Reporting Ginger Allen
For more trusted health
news and information,
visit CBS DFW's
FORT WORTH (CBSDFW.COM) – When you think of a manufacturer recall, cars, toys, food or electronics probably come to mind. But, a CBS 11 investigation exposes a recall that involves parts put into a patient’s body during surgeries.
Dee Dee Hill Morgan, a retired probation officer from Fort Worth, had two of those parts implanted in her body. “I was a more active grandmother.”
Morgan has been physically active her entire life. When doctors told her she needed to have her hips replaced, she wanted a quick recovery to get back into her routine. Doctors chose the ASR XL Hip System, a product they say was marketed to the younger, more active patient. Morgan seemed like the perfect candidate.
In March of 2009, she received her first implant, and by the following March, doctors replaced her other hip with the device. “March has not been a good month for me.”
Morgan says she started experiencing bouts of pain, blurred vision and nausea. “It’s frightening. It’s a helpless feeling.”
She says doctors told her that she was poisoned. She says her chromium and cobalt levels were off the charts. Doctors explained that they may have leaked into her blood stream after she had her hips replaced. “It was almost like a metal taste and upset stomach.”
Morgan and her doctors say they did not know the implant had been recalled outside of the United States. DePuy Orthopaedics, Inc. is the manufacturer. DePuy had voluntarily recalled the very same implant in Australia before Morgan had her second implant here in the United States.
“If DePuy had withdrawn here at the same time as Australia, DeeDee would not have had a second hip implant,” says Attorney Dan McDonald of Parker McDonald Trial Lawyers.
McDonald says patients in other parts of the world had been complaining of “component loosening” “metal sensitivity and pain.” He says, in short, metal grinding on metal was sending particles of cobalt and chromium into the blood streams of those who had the implants. “Why in the world would they have left this product in us for nine months when they decided to withdraw it from the Australian market in 2009?” says McDonald.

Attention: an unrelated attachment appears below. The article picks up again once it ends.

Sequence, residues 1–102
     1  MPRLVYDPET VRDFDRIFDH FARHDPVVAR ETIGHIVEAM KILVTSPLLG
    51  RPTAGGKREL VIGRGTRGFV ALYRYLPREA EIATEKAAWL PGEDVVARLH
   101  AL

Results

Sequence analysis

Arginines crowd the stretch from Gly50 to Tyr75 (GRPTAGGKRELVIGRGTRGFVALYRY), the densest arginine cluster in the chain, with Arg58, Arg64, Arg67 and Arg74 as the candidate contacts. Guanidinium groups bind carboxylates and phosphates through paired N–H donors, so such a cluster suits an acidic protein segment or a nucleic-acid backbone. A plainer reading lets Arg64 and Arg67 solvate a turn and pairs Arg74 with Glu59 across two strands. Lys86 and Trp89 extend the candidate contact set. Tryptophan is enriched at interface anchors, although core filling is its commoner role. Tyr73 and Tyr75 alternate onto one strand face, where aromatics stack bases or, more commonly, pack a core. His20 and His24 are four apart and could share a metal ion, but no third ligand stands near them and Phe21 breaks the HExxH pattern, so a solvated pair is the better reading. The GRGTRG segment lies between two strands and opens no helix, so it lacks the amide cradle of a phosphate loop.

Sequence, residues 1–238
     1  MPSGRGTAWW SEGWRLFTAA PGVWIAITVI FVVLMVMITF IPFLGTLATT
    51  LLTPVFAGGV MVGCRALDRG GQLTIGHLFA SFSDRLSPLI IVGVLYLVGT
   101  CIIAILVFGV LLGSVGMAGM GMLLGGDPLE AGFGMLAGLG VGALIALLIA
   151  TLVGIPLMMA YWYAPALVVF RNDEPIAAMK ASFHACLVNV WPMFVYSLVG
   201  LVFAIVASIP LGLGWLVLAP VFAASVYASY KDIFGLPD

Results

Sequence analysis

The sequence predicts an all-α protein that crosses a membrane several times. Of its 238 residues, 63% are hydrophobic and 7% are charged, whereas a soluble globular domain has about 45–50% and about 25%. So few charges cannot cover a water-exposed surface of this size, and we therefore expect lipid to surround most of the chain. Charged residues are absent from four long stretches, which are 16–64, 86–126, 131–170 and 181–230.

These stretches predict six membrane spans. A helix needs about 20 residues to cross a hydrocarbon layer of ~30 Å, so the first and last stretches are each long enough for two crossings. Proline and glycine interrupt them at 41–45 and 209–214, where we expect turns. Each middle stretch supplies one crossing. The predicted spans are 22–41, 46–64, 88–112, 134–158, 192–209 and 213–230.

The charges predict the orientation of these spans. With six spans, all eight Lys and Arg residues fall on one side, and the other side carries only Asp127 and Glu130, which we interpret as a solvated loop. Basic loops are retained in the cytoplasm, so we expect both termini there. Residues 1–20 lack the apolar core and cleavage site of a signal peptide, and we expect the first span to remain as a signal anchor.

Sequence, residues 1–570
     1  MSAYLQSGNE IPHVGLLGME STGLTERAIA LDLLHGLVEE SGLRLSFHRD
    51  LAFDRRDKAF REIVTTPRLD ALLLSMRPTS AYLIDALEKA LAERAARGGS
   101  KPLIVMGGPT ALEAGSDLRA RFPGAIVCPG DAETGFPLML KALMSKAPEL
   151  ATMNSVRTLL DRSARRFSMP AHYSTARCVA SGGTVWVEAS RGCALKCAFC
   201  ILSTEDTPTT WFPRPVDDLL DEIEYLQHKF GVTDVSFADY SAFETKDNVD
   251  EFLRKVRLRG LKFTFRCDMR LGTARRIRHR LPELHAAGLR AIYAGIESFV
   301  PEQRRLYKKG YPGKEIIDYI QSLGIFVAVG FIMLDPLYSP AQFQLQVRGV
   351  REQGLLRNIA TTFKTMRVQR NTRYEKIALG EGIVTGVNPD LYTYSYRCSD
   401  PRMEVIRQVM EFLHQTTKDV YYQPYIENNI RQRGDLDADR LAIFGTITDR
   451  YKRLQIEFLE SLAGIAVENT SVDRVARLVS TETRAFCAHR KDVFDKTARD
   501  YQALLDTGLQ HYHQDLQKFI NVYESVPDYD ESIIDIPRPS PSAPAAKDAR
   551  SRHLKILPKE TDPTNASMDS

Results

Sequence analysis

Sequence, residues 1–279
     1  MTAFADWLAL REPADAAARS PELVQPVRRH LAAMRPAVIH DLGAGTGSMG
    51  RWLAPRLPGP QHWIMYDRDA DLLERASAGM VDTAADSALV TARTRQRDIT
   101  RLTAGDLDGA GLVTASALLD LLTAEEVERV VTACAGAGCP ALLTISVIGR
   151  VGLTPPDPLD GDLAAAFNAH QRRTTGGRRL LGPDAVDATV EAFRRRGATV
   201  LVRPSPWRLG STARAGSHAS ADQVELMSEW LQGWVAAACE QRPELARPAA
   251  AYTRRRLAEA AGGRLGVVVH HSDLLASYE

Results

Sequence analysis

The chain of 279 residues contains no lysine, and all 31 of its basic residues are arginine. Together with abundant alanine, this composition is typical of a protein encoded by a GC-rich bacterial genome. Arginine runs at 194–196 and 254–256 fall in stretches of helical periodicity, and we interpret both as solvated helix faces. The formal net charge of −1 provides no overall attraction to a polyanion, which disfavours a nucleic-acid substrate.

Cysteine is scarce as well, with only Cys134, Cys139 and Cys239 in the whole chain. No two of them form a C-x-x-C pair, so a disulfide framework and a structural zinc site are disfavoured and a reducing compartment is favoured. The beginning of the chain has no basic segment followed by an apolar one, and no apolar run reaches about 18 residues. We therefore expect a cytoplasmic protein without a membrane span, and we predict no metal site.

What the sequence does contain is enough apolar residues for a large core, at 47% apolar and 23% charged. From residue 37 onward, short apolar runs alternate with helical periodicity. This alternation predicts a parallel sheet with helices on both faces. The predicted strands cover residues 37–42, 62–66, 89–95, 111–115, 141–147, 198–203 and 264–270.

Attorneys all over the country are now filing lawsuits for patients who have had, or will have to have, total hip replacements again. And now, these lawsuits are exposing more about how hip implants and many more medical devices are getting to the market in the first place.
For 35-years, the Food and Drug Administration has given some products a “fast track pass” to the market. It’s called the 510K rule. The rule allows medical products to go straight to the market without requiring the same testing for efficacy and efficiency that other products must prove. All the manufacturer has to do is prove that the device is “substantially equivalent” to another similar device on the market that has already been deemed safe and effective.
McDonald argues, “It would have been very helpful for DePuy to put this product through clinical trials to see how many early failures and how manty adverse reactions they were going to have to this chromium and cobalt.”
Instead, in 2005, the FDA gave the DePuy ASR™ XL Acetabular System and DePuy ASR™ Hip Resurfacing System clearance because the manufacturer said it was similar to another hip implant on the market.
Dr. Jay Mabrey, Chief of Orthopaedics at Baylor University Medical Center, tells CBS 11 that the “similar” implant has not caused the same problems.
Dr. Mabrey says he understands why the device was given the “fast track pass” years ago, but he now says “that was not the right thing to do and it should have never come before the US market.”